But one of the things I have been told I DEFINITELY can’t be is sexy — especially in a plus-size body.

So — because I love making rule-makers unhappy — I decided to try the sexiest body-related thing that I could think of: BURLESQUE DANCING.

AMEN, sistah! My previous post where I decided it was time to get my ass in all it’s fat glory back on stage came from a similar place. I’m tired of being told I can’t be sexy. I’m tired of feeling not sexy. I’m gonna do something about it, and so did Kristin. Rock on!

She then goes on to summarize that “burlesque dancing, in case you don’t know, is a big sexy creative celebration of the body.” YASSSSSSS.

BTW, her teacher, Natasha of Hells Belles Burlesque, is wonderful and the type of teacher I’d like to be if I ever got back into burlesque fully (we’ll see how the performance goes next weekend!) She tells Kristin that “burlesque is an environment where everyone feels accepted” and while that’s not always the case (cosplay and anime audiences can be brutal for plus-sized women, as can dive bars – ask me how I know), I think that’s the spirit of burlesque. She also reassures Kristin that “no matter what happens, everyone is going to love it.” I’m really glad she had and instilled that much confidence in her student and that she knew her audience that well.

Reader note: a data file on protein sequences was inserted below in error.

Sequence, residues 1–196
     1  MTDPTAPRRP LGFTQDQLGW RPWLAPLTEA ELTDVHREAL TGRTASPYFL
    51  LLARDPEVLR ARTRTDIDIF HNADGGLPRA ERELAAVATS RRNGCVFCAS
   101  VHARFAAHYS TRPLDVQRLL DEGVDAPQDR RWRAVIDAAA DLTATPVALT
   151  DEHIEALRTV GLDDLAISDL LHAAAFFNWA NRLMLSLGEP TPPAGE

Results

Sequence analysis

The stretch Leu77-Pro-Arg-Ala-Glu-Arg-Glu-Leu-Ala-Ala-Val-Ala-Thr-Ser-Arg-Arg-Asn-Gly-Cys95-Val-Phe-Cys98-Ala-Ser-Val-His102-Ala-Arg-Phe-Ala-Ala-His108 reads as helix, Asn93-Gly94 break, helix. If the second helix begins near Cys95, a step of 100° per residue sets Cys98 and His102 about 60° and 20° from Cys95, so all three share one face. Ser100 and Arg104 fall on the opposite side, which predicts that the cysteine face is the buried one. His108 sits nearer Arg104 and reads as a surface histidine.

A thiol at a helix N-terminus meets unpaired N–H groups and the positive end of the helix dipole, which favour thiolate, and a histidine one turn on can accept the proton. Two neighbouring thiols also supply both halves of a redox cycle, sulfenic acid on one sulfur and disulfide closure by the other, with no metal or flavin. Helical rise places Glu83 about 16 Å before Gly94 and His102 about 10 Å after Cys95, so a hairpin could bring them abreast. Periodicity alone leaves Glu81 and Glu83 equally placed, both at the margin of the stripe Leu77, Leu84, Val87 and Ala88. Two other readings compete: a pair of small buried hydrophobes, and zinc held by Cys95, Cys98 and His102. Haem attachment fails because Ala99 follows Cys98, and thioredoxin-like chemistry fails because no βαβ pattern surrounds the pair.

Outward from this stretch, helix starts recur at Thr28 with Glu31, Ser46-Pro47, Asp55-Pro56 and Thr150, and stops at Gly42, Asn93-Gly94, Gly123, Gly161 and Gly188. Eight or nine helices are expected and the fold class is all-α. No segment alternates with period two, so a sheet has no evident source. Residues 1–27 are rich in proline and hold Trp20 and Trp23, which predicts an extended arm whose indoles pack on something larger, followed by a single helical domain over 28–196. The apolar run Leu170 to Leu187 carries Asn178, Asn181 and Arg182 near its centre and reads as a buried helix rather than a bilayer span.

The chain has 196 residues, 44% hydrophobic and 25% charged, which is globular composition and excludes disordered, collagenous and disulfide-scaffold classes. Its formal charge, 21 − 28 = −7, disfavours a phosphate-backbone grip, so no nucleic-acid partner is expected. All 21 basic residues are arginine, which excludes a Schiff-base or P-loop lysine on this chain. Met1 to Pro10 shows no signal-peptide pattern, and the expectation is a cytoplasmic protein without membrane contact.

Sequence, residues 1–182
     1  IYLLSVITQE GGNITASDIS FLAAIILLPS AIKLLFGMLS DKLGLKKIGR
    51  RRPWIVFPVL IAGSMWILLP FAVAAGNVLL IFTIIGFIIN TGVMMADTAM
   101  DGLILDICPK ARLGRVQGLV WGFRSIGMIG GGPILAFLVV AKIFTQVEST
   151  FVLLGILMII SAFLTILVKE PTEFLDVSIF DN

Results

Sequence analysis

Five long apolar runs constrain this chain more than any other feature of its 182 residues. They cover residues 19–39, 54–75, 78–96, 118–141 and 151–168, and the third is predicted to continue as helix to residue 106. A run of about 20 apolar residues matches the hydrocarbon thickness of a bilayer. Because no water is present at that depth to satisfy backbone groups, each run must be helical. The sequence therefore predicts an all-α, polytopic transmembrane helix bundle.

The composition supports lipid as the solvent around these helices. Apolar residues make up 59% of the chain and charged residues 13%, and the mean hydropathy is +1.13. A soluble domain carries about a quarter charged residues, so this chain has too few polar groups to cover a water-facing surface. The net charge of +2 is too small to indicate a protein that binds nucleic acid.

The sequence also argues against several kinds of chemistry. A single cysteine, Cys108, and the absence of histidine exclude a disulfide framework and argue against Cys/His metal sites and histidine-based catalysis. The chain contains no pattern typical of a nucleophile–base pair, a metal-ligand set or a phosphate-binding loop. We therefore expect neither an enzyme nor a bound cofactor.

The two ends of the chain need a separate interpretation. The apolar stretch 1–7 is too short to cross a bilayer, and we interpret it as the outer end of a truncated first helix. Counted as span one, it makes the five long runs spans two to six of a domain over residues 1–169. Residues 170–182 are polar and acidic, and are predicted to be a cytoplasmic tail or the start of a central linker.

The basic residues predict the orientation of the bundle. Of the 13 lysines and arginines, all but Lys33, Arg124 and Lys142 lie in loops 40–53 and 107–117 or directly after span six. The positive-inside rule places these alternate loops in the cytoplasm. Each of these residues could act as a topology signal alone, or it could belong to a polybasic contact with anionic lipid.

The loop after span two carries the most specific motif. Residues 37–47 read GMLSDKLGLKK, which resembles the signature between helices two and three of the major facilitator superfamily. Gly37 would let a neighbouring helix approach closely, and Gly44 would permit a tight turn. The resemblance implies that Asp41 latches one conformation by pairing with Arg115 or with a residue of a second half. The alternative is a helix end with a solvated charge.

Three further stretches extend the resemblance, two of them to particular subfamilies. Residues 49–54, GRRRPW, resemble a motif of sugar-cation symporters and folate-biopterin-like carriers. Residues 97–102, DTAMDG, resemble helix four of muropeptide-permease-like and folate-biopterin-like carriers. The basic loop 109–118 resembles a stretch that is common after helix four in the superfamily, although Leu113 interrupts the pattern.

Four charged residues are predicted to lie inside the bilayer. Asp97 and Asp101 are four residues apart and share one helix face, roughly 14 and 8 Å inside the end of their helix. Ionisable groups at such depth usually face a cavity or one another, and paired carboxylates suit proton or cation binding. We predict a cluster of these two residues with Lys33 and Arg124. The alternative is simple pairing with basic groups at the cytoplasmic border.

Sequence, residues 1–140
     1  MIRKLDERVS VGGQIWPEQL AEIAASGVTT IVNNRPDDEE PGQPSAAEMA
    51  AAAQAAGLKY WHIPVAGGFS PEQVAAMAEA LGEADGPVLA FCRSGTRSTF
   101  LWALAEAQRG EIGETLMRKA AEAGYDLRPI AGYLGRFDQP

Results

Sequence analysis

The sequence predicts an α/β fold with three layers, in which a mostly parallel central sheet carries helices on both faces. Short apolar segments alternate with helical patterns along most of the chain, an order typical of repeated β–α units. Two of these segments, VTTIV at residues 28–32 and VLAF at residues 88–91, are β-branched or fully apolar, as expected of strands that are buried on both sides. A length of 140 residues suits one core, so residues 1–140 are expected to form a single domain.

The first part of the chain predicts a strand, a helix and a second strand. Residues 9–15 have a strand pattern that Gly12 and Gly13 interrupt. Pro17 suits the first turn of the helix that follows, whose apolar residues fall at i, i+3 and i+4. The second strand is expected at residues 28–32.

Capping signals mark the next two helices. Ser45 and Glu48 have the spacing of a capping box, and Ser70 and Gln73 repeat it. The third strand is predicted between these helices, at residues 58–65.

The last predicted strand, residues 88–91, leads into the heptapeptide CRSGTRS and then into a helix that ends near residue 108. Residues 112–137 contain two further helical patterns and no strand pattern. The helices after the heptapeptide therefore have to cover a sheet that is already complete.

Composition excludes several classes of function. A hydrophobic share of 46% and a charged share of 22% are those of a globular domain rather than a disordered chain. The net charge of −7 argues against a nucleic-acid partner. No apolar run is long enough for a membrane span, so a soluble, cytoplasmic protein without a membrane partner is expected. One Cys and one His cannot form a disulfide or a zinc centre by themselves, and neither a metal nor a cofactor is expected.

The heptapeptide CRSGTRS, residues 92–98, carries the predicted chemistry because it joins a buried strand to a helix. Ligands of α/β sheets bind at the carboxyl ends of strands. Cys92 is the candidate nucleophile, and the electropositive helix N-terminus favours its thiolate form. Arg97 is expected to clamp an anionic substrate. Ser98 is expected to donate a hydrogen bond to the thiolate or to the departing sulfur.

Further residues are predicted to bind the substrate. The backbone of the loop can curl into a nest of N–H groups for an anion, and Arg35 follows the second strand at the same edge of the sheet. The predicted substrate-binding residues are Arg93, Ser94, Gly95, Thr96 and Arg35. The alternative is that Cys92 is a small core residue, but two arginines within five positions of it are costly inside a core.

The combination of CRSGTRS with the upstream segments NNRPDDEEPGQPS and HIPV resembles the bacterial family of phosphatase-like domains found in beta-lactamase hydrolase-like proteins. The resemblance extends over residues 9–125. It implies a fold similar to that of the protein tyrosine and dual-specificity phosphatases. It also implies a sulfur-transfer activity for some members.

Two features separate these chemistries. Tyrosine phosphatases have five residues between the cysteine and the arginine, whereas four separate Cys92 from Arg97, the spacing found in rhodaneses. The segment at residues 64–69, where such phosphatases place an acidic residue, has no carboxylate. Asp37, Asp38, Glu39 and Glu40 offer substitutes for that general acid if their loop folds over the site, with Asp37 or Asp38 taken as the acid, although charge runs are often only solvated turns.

So Kristin starts learning choreography and has to battle her own asshole brain (we all have an asshole brain part) that tells her that she doesn’t look sexy but more like she’s “smugly shaving her legs”. But kept on keeping and went on to talk about her costume and name.

Her take on costuming:

We also wanted to make the corset really special-looking, and that meant sticking rhinestones on it until it could be seen from space.

“Yay!” I said about hot-gluing rhinestones to my corset, because I had forgotten literally everything I ever learned about hot glue.